Jake Telemark, a junior senator from Wisconsin, enjoys his position as a moderate, common-sense legislator in Washington, D.C.—until the phone call that changes his life forever. Isadore Hathaway, daughter of the late Frank Hathaway, a renowned senatorial powerhouse, demands to see Jake immediately. During a mysterious meeting with Isadore, Jake learns an uncomfortable truth: a group of fanatical right-wing evangelicals, who call themselves The Bookkeepers, are planning to destroy the US democracy.
Shocked by Isadore’s revelation, but initially unwilling to get involved in something he can scarcely believe, Jake soon learns why Isadore Hathaway singled him out for this clandestine meeting: she’d uncovered a part of Jake’s past that he’d fought to keep hidden, not just by law, but by of the demands of his sanity. Isadore’s plea is both startling and matter-of-fact: she wants Jake to kill the men involved in this sinister plot—because if Jake doesn’t kill them, they will kill him.
When parts of Isadore’s scenario begin to come true, Jake becomes ensnared in a dangerous and deadly plot. With the country at risk and freedom hanging in the balance, Jake is thrust into excruciating circumstances. Forced to confront the demons of his past, and the demons that threaten the future of the country he serves, Jake inconveniently falls in love with Isadore. As this burgeoning relationship plays out against the backdrop of the most tumultuous time in US history, Jake Telemark must wage an intense tug-of-war between his promise to never harm another human being, and his duty to the country, and woman, he loves.
A gripping first person novel that reads like non-fiction, Toxin is briskly-paced and filled with urgency. Part provocative political thriller, part powerful psychological narrative, Toxin delivers a terrifyingly-real storyline that deftly blurs the lines between fiction and reality. Novelist Paul Martin Midden displays remarkable dexterity in his extraordinary character development, exquisite understanding of the texture and complexity of human relationships, and ability to keep the pages turning in this powerful thriller.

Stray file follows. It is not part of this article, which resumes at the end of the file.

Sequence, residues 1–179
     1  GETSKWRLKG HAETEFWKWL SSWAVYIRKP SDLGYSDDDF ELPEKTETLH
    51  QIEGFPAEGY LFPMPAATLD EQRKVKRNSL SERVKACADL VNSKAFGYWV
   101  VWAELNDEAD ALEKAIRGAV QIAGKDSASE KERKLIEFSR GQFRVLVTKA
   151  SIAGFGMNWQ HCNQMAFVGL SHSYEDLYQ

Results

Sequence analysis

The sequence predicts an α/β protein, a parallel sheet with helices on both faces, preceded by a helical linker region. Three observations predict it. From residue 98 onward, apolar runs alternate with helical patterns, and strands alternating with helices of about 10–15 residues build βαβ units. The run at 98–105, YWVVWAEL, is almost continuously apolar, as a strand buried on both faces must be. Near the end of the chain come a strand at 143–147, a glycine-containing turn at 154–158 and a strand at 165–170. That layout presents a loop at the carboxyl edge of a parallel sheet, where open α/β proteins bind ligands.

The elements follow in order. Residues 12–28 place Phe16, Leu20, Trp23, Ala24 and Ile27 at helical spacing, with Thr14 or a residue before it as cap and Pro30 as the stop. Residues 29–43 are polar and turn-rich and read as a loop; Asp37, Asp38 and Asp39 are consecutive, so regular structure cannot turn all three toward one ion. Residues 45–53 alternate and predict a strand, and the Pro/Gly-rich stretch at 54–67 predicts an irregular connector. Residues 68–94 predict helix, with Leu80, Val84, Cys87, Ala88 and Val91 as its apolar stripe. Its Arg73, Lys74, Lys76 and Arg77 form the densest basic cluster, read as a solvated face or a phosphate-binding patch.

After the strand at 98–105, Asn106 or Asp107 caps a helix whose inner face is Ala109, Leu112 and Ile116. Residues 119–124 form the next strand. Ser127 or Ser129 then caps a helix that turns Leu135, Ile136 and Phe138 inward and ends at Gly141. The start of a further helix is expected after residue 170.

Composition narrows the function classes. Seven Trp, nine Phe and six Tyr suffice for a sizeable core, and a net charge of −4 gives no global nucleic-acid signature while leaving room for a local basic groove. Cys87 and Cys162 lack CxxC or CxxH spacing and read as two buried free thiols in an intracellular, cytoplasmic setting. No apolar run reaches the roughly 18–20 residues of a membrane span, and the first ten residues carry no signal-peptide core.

I had the opportunity to interview Mr. Midden
Your recent release, Toxin, is filled with government conspiracies and religious factions. Where did you come up with your ideas and did they relate any to your psychology profession?
Each of my books begins with an incident that occurs and plays itself out over the course of the novel. In this instance, it was an experience of a junior US Senator who was mysteriously contacted by a woman he did not know. It set up the intrigue and entry into the subsequent action, which developed along the lines of the plot. It is hard to say where the rest of the action came from because of how I write fiction. I explain a little about this later on.
With regard to the basic conflicts in the book: the tensions between government and religion do not specifically have much to do with my work as a psychologist. I think it has more to do with the conflicts that have swirled around those issues in the news for the past twenty or so years. I think the capture of the Republican party by right wing religionists had a profound impact on the party and for the country over that time. I am not opposed to religion at all. I do not think, however, that we should return to a time of state-mandated religious practice. I believe pluralism works fine.
Now some parts of Jake’s character are of course related to my work. He suffers from Post-Traumatic Stress Disorder; he has psychological issues involving his past; and he has an unstable relational life. All of this comes together in his relationship with Isadore in the book.
Tell us a little bit about Toxin please.
Toxin is about a junior senator, Jake Telemarck, who gets involved in a plot by a woman, Isadore Hathaway, whom he does quite believe at first. It charts the trajectory of a conspiracy and his efforts, along with Isadore, to counter it. A lot happens in the process.
How long have you been writing?
I began writing about four years ago, mostly as a pastime.
What attracted you to the mystery genre?